I’ve tried to start this post at least ten times and stopped. As a high school principal, I am immersed in data and Regents results, drop out prevention, our literacy issues, staff development plans, hiring, and problem solving one hundred other day to day questions. I spend much time thinking about our teachers, our students, our school climate, and our achievement. I try to learn new things and to plan for our future. And then I have a conversation, or two, that stop me in my tracks.
I have a student who came to see me right before Regents week because he expects to go to jail for a few months, and he was struggling with a decision. Seems he thought he had the choice between two months of jail time with 3 years of probation or four months of jail time with no probation. He had already convinced the judge to prolong his sentencing date until after his exams were over. He figured the four months were better because he’d never manage to stay out of trouble for three years, but he didn’t want to miss so much school. His decision was a tough one because he really wants to graduate. Well, that’s easy, because I really want him to graduate too. So I’m trying to work out the details with the county jail and keep him moving through his curriculum. Here’s a kid who really wants to graduate, who understands the importance of it, who can’t get out of his own way to make it happen. Sometimes it feels as if the issues, the obstacles, the stuff keeping them from graduating are so much bigger than I am.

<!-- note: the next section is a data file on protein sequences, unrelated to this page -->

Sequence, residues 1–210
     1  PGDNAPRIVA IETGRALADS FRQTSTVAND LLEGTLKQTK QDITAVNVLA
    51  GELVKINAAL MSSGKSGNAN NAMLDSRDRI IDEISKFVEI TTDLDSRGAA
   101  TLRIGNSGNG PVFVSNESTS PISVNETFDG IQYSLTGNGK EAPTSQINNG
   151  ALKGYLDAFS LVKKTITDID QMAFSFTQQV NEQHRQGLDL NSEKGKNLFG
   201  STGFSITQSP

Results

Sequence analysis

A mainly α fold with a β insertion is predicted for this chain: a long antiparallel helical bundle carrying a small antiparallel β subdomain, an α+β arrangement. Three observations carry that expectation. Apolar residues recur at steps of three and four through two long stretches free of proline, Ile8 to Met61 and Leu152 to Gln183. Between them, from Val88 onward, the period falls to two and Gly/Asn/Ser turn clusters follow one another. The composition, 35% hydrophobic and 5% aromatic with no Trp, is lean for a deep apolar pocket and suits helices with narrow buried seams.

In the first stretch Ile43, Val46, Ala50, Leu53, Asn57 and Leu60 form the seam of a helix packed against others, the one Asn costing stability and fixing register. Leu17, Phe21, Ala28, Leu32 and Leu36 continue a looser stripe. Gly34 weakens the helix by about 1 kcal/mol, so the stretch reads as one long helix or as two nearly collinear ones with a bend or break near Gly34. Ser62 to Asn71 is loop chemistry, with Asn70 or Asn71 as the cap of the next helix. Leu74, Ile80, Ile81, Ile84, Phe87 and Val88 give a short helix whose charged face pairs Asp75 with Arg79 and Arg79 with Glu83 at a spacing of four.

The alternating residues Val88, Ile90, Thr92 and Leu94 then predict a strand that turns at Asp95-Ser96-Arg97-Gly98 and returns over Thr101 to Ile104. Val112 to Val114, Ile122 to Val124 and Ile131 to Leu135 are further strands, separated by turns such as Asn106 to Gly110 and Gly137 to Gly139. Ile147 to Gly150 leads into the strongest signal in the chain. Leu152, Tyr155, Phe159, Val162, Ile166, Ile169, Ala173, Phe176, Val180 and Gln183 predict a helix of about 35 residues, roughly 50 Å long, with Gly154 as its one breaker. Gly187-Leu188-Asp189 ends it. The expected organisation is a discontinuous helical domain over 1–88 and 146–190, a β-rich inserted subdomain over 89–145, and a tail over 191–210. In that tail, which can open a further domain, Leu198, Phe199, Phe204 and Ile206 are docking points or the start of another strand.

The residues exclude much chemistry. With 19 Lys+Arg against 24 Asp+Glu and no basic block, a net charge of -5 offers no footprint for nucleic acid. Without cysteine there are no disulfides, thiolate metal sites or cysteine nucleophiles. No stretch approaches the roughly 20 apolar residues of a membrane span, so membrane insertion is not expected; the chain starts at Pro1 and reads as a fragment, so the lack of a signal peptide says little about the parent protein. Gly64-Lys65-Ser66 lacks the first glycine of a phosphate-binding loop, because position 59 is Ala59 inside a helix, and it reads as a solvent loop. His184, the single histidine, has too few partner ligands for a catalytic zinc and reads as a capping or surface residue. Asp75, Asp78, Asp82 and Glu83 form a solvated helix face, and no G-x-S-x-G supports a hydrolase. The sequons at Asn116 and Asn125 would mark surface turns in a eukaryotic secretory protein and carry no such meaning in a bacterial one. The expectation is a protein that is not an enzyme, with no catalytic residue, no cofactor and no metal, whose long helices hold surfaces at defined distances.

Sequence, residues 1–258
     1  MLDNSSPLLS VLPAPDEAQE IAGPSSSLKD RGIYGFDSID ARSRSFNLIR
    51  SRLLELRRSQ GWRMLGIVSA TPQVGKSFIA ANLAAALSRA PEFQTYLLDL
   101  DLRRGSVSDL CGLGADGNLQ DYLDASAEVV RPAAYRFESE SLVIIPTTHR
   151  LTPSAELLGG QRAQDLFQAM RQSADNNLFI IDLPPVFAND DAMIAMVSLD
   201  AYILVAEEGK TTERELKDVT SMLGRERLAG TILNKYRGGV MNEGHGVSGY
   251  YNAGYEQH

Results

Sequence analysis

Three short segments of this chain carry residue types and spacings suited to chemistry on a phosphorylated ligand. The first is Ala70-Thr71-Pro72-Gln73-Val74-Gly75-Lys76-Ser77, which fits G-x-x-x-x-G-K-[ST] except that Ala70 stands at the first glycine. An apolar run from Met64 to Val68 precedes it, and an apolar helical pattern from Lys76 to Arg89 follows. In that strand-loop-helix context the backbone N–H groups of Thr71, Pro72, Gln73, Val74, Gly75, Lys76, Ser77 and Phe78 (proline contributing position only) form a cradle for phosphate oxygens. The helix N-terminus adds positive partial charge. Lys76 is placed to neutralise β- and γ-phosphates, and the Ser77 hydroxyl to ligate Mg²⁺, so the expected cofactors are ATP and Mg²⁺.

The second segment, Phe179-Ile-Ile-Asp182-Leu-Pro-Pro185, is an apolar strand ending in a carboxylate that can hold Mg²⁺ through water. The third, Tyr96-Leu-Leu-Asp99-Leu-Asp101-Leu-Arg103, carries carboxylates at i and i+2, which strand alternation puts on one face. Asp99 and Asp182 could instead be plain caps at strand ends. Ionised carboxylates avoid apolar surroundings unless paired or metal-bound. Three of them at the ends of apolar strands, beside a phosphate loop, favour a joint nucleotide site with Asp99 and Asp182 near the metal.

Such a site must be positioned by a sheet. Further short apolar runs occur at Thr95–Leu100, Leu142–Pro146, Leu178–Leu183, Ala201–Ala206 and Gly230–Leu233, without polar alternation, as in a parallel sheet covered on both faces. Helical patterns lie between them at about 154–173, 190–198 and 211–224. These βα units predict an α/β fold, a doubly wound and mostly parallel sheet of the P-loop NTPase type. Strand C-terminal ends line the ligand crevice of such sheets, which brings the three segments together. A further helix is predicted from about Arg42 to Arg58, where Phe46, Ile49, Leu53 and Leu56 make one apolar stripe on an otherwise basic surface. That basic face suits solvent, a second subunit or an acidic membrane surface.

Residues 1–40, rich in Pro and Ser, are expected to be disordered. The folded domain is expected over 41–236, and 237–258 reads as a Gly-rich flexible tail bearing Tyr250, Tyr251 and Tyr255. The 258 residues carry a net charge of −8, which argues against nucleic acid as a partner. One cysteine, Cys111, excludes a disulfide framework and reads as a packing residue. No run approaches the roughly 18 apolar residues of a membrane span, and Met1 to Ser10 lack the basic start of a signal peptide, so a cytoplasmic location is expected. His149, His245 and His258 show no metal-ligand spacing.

This makes me strip away all that we do, each and every day, all that the State expects, all of the testing and the data and the reporting and the planning. It makes me remember that it’s all about a boy. And a girl. Times 474. If we don’t get to know each and every one of those students, to care about them, to let them know that they matter in G-Town, to form those relationships, then the rest doesn’t really matter. Not to me anyway. I now have a boy, who’s in county jail, who called me at least four times since that initial meeting to let me know how his case was progressing. A boy who came to see me on Tuesday, in lousy shape, to tell me he was going to jail on Friday. A boy who has my word that I’ll do whatever it takes to get him to a diploma when he gets home. A boy with whom I’ve now formed a relationship. A boy who desperately needs that diploma as he’s minutes away from becoming a man.
How will our teachers measure him when he returns? Will they see only the jokes to be told, the gossip, and the angst of getting him on track with the rest of his class? Will our teachers see an inconvenience, a derelict, a convict, a problem?
Or will they see the whole person, the boy inside? Will they help him to succeed? Will they care even more because they know he’s not cared about enough outside of our school? Will they do even more because that’s what he needs? Will they even think he deserves it?
I’ll see a boy, who needs our help to become a man. I’ll see all of him. His four months away will not define him. He’s the reason we do this job, not the test results.